Friday, January 7, 2011

2010 in review - Ari Paul

2010 climbed a "wall of worry." We began the year with a growing Eurozone debt crisis and a sharp fall in the value of the Euro; the European Central Bank and IMF came to the rescue with a series of massive bailouts. The big US banks faced new regulations and lawsuits over mortgage fraud, but little came of either. A "flash crash" in May sent the market 9% lower in under an hour, and evidence of a double dip recession showed up in July.
More important than all of this however, was the quantitative easing. The federal reserve launched a new round of quantitative easing in which they bought almost all new treasury issuance and kept long-term interest rates around 3%. This supported an equity market rally of 11%. It also supported a huge run up in commodity prices, including 30% in gold and copper and 36% in agricultural commodities.

The quantitative easing also supported a moderate recovery in economic activity with roughly 3% GDP growth and 3.5% growth in retail sales, although unemployment remains near the highs at 9.6%.

As we reached the end of the year, investor sentiment reached very bullish levels. Mom & pop are still pulling their money from the market, but hedge funds, analysts, and pundits have jumped on the bullish trend with both feet. The equity rally is supported by strong fundamentals from companies. Corporate earnings and growth have been strong and companies are sitting on a growing cash pile. Current valuations look reasonable if US GDP grows about 3% a year going forward, and we avoid a new major crisis. My view on that likelihood has not changed; policymakers spent the last 3 years kicking the economic crisis can a few years further down the road. I'll write at greater length about the risks facing us in 2011 in a couple weeks.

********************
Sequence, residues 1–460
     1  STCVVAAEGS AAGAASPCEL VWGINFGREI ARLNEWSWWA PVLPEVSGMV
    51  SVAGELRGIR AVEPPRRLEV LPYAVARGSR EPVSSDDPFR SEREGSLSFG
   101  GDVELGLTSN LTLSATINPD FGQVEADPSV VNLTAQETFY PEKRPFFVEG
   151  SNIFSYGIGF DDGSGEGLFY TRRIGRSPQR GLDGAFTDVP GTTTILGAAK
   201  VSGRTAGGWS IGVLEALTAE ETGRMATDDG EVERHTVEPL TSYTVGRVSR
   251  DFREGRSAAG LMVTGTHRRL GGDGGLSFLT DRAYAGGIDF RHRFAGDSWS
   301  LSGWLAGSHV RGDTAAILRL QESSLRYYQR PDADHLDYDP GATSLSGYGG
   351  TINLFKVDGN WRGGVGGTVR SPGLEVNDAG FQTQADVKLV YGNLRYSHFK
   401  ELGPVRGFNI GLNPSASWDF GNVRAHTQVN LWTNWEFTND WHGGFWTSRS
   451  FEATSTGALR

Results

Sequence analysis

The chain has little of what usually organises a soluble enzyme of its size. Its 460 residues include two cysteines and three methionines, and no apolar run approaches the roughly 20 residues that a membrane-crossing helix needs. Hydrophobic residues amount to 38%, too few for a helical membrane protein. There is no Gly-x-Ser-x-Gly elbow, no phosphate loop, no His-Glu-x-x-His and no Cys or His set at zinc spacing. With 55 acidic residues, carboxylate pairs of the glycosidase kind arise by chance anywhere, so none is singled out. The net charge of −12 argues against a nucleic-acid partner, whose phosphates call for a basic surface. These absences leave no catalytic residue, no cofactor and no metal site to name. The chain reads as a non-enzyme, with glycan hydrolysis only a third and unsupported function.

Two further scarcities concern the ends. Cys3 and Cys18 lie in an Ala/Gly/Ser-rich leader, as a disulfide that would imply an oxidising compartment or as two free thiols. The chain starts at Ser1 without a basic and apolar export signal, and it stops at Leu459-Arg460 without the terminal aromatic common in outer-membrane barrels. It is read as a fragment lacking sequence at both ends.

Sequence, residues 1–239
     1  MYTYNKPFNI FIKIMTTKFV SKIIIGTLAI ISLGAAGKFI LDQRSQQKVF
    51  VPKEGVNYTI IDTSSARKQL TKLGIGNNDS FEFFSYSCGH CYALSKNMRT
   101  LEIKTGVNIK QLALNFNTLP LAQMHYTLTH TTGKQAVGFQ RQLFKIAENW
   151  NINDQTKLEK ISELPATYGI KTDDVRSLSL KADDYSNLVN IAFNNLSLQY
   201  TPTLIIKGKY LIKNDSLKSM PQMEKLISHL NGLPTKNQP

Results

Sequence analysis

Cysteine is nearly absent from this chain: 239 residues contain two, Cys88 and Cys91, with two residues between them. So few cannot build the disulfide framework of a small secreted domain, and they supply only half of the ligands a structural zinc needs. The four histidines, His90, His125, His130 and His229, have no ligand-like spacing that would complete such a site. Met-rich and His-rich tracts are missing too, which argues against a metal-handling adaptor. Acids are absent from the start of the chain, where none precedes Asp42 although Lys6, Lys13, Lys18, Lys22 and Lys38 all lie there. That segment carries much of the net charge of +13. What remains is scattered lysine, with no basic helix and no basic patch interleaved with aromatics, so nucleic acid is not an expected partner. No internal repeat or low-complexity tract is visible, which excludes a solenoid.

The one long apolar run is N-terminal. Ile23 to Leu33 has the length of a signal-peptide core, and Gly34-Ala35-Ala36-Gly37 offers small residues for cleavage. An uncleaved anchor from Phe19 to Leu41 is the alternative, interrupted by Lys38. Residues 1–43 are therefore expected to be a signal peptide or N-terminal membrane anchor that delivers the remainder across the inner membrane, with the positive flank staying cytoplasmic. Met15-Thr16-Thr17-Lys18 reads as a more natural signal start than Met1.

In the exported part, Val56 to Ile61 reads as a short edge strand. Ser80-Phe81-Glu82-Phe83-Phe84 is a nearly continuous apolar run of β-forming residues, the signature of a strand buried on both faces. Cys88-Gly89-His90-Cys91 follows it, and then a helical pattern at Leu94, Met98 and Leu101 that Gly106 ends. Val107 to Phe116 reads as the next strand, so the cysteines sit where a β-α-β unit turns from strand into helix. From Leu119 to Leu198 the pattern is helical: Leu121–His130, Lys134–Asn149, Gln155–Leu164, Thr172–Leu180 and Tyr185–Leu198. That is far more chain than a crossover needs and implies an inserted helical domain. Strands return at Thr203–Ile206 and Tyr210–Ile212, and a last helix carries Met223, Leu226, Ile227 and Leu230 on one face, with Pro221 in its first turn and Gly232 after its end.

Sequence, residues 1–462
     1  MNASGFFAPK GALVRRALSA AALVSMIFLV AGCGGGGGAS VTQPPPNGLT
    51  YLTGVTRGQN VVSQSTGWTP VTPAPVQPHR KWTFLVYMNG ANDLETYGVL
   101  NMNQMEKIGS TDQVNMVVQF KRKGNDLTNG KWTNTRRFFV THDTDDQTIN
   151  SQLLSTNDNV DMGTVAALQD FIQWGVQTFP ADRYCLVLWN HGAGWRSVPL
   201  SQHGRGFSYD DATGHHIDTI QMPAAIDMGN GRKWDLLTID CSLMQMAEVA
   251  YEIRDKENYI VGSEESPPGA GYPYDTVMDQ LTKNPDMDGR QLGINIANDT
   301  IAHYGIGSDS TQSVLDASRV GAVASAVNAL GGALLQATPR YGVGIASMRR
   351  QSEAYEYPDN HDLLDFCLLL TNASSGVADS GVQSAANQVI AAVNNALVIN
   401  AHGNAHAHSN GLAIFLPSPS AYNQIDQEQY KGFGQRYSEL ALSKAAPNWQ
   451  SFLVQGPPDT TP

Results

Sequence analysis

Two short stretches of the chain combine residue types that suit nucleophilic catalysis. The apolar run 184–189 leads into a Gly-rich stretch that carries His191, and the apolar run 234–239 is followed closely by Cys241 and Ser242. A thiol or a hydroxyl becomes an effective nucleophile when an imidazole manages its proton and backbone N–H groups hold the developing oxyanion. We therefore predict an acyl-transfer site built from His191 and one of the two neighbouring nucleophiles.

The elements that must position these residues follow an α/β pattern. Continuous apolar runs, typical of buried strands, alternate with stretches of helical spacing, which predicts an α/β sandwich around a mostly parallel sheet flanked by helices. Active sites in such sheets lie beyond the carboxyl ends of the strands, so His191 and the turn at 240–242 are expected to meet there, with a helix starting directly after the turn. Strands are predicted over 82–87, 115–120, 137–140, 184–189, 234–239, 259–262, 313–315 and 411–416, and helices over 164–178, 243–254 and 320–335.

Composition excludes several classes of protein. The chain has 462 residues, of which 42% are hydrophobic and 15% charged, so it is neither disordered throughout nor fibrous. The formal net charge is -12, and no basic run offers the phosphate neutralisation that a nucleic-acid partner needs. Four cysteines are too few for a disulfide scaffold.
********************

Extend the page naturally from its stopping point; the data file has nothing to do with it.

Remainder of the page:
An honest periodic self-appraisal is a healthy habit for any investor. I started off 2010 by anticipating the Eurozone crisis and capturing most of the Euro's collapse with a sizable short position. In mid-2010 I suggested adding to our long commodity position with a special focus on agricultural commodities, and that too worked out very well. However, like in 2009, my single biggest position was short US equities, and that was very wrong. Fortunately, the huge gains in commodities compensated for the smaller equity rally in my portfolio. I have moderately reduced all position sizes but remain short US equities, long agricultural commodities, and slightly short the Euro. I also have tiny equity positions of long GST and short MCO. I still believe the only hope for decent equity performance is continued money printing, which will cause severe inflation. If instead we get a deflationary shock, that will send equities down sharply. Generally though, this is a boring time to be a value investor. From a bottom up perspective, US equities and corporate bonds look roughly fair while emerging market equities are moderately overpriced. The most important driver of all markets remain the US and European central banks.

No comments:

Post a Comment